Mind-bending optical illusion makes a flat object look 3D

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You’d be forgiven for thinking this picture showed a pile of coins sitting on a 3D cube.

But not everything on this table is real, and what you’re actually seeing is a simple ‘anamorphic’ illusion.  

This mind-bending optical illusion shows a flat object that looks distorted from most angles but aligns to form a perfect cube shape when viewed from one position. 

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The footage shows a printed object that looks distorted from most angles but aligns to form a perfect cube shape when viewed from one correct angle

The footage shows a printed object that looks distorted from most angles but aligns to form a perfect cube shape when viewed from one correct angle

ANAMORPHIC ILLUSIONS

What you are looking at is a simple ‘anamorphic’ illusion.

Anamorphic illusions are distorted projections that only work if whoever is seeing them stands in a specific spot.

The moment you move, the image becomes distorted and the viewer can see it is an illusion.

The prehistoric cave paintings at Lascaux may be the first examples of anamorphosis because the oblique angles of the cave would otherwise result in distorted figures from a viewer’s perspective. 

However, Leonardo da Vinci was the the earliest known modern artist to use anamorphosis in 1485.

Sage Hansen, 29, created the video from his home in Texas,, on 10 December.

Mr Hansen, a 3D animator, said: ‘I created a virtual cube and camera angle in my 3D software.

‘I then started to draw lines at random positions and angles until they aligned in the camera’s perspective.

‘I then extruded the lines to make them thicker and rounded off the corners to soften the lighting. I then printed the object on my 3D printer’, he said.  

The boxes only appear real when filmed at a certain angle. 

The moment you move, the image becomes distorted and the viewer can see it is an illusion. 

The 3D designing took Mr Hansen around two and a half hours per cube.

‘I have always enjoyed seeing forced perspective chalk art’, he said.   

What you are looking at is a simple ‘anamorphic’ illusion which is a distorted projection that only works if whoever is seeing it stands in a specific spot

What you are looking at is a simple ‘anamorphic’ illusion which is a distorted projection that only works if whoever is seeing it stands in a specific spot

What you are looking at is a simple ‘anamorphic’ illusion which is a distorted projection that only works if whoever is seeing it stands in a specific spot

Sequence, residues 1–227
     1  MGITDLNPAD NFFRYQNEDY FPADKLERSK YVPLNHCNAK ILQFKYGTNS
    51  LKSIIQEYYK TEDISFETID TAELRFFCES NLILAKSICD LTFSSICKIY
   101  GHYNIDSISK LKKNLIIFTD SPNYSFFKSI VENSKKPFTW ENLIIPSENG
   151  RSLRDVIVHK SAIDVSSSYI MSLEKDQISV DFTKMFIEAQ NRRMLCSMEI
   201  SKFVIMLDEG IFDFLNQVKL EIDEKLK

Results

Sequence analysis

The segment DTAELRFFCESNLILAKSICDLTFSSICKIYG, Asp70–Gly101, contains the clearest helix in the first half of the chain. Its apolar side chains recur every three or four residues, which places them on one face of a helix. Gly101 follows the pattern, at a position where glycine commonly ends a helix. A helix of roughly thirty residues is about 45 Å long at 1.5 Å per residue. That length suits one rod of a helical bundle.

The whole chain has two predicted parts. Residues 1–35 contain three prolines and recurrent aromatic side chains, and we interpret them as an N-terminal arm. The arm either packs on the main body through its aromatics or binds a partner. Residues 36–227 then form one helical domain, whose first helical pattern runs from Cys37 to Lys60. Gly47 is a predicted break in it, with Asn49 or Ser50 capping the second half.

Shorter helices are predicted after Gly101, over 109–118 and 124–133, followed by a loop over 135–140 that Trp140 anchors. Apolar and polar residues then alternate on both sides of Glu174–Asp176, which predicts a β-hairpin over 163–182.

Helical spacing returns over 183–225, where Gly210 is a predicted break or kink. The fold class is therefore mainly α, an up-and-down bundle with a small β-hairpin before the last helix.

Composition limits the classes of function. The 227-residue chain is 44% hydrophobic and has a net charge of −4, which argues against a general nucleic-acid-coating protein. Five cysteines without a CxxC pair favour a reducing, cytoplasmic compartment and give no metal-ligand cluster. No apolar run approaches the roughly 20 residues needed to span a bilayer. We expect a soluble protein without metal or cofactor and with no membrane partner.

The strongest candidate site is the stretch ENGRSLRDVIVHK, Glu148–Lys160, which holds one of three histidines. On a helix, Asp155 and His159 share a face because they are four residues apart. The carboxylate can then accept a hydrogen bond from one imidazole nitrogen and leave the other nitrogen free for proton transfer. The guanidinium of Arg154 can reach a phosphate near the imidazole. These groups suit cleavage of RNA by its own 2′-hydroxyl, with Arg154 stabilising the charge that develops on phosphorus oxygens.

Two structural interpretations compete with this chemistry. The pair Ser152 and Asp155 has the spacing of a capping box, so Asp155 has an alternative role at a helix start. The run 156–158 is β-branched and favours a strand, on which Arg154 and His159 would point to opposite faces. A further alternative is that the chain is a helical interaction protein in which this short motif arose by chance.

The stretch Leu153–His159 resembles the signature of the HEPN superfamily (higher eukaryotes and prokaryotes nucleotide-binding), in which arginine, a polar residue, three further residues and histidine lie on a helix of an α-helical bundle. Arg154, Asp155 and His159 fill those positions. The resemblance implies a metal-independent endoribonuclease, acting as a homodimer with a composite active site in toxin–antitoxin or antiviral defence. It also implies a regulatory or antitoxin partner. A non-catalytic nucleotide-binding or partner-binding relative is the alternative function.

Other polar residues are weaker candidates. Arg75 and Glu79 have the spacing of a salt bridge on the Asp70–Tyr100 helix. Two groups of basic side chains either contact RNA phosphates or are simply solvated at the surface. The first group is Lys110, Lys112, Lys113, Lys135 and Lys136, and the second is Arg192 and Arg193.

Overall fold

Sage Hansen, 29, created the video from his home in Texas, USA, on 10 December. Mr Hansen, a 3D animator, said: 'I created a virtual cube and camera angle in my 3D software

Sage Hansen, 29, created the video from his home in Texas, USA, on 10 December. Mr Hansen, a 3D animator, said: 'I created a virtual cube and camera angle in my 3D software

Sage Hansen, 29, created the video from his home in Texas, USA, on 10 December. Mr Hansen, a 3D animator, said: ‘I created a virtual cube and camera angle in my 3D software

‘I got my first 3D printer in 2014. The printers have come a long way in a short time and they have made many improvements so I got my current 3D printer in 2016. 

‘This idea for the illusion cubes came to me in the middle of the night and when I woke up and started to search online and didn’t see this, I knew it would be a fun challenge for me to create.’

The system of perspective is a relatively recent discovery in artistic history.

Before the 14th Century little to no attempts were made to realistically depict the three dimensional world in the way  we are now accustomed to seeing it. Pictured is the cube

Before the 14th Century little to no attempts were made to realistically depict the three dimensional world in the way  we are now accustomed to seeing it. Pictured is the cube

Before the 14th Century little to no attempts were made to realistically depict the three dimensional world in the way we are now accustomed to seeing it. Pictured is the cube

The system of perspective is a relatively recent discovery in artistic history. Mr Hansen said he got the idea for the illusion cubes came to me in the middle of the night